BUT, I will say the rhythmic repetition and simple rhyme structure of some of those poems would probably sound really good set to music. I personally would pass "Women" on to any singer song-writer I knew... If I knew singer song-writers, that is...
posted by midmarch snowman at 10:07 AM on January 20, 2012


It looks like Crabby Appleton forgot to add the hamburger tag.
posted by LN at 10:08 AM on January 20, 2012 [2 favorites]


I vaguely recall some very strong women (Annie Sullivan, Laura Ingalls Wilder) who were not enthusiastic about women voting, mostly, IIRC, because they found politics boring and were glad to leave the thinking about it to men.
posted by Melismata at 10:08 AM on January 20, 2012


But there is a chance that in a hundred years we'll all be dead because we cavalierly fooled around with our societal structure based on, what, the fact that we're so much smarter and know so much more about human nature and what works and doesn't work than all those idiots 50 years ago and earlier?

Your mistake is in thinking that only those who advocate for greater freedom and equality are the only ones fooling around with our societal structure.
posted by clockzero at 10:10 AM on January 20, 2012 [3 favorites]


These little rhymes are wonderful. The argument against pockets is particularly amusing. I feel like I've run into that set of arguments over and over and over. And not just about pockets.
posted by rmd1023 at 10:12 AM on January 20, 2012 [1 favorite]


Just this week, during an NPR piece on the lack of women in the new Egyptian parliament, a woman described as an activist, a woman who herself ran for parliament, answered the question "will Egypt ever have a female president?" with "I don't think so, I think the hard work needs to be done by men."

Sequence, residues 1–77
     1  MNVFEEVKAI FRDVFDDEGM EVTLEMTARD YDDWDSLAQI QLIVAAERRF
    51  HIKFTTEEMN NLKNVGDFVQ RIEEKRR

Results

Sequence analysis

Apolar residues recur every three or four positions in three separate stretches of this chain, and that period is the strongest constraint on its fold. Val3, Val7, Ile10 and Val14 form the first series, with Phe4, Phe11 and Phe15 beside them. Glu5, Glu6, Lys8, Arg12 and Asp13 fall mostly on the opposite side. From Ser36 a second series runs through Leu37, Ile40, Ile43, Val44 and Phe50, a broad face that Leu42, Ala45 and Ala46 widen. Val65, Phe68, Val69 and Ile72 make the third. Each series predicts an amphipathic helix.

posted by kinnakeet at 10:13 AM on January 20, 2012


I like this one. I think the anticapitalist movement should adopt it as an anthem.

A Suggested Campaign Song ("No brass bands. No speeches. Instead a still, silent, effective influence." —Anti-suffrage speech.)

We are waging—can you doubt it?
A campaign so calm and still
No one knows a thing about it,
And we hope they never will.

No one knows
What we oppose,
And we hope they never will.

We are ladylike and quiet,
Here a whisper—there a hint;
Never speeches, bands or riot,
Nothing suitable for print.

No one knows
What we oppose,
For we never speak for print.

Sometimes in profound seclusion,
In some far (but homelike) spot,
We will make a dark allusion:
"We're opposed to you-know-what."

No one knows
What we oppose,
For we call it "You-Know-What."
posted by Acheman at 10:26 AM on January 20, 2012 [1 favorite]


Is Azza al Garf Egypt’s Michele Bachmann? Dunno if kinnakeet's quote was from her but it sounds about right.
posted by XMLicious at 10:27 AM on January 20, 2012


I love that it was already a thing to mock the Times in 1915.
posted by brina at 10:34 AM on January 20, 2012 [1 favorite]


What does this mean? (I'm being serious, not snarky. I do not understand what you are saying.)

Which part isn't clear, rtha?
posted by Crabby Appleton at 10:46 AM on January 20, 2012


The part that starts with "I" and ends with "dead."
posted by superfluousm at 10:50 AM on January 20, 2012


Will it benefit Alice Cooper?
posted by I love you more when I eat paint chips at 10:52 AM on January 20, 2012


I am genuinely curious by what mechanism granting, say, marriage rights to gay couples would directly cause the deaths of everyone in our society. Seriously. I'm racking my brain now, and kind of amusing myself with the possibilities.
posted by dixiecupdrinking at 10:53 AM on January 20, 2012


It's not that hard to understand. Same-sex marriage is obviously much more fabulous than opposite-sex marriage, and if it were legal to do so, everyone would abandon their opposite-sex spouses overnight and start having all the gay sex they've been wanting to have all these years but couldn't because society didn't condone it. Nobody would be having procreative sex any more, so this generation would be the last. Ever. And all because those sinners who _say_ they're gay opened the floodgates for everyone else, who's in the closet like God intended.
posted by hades at 10:59 AM on January 20, 2012 [6 favorites]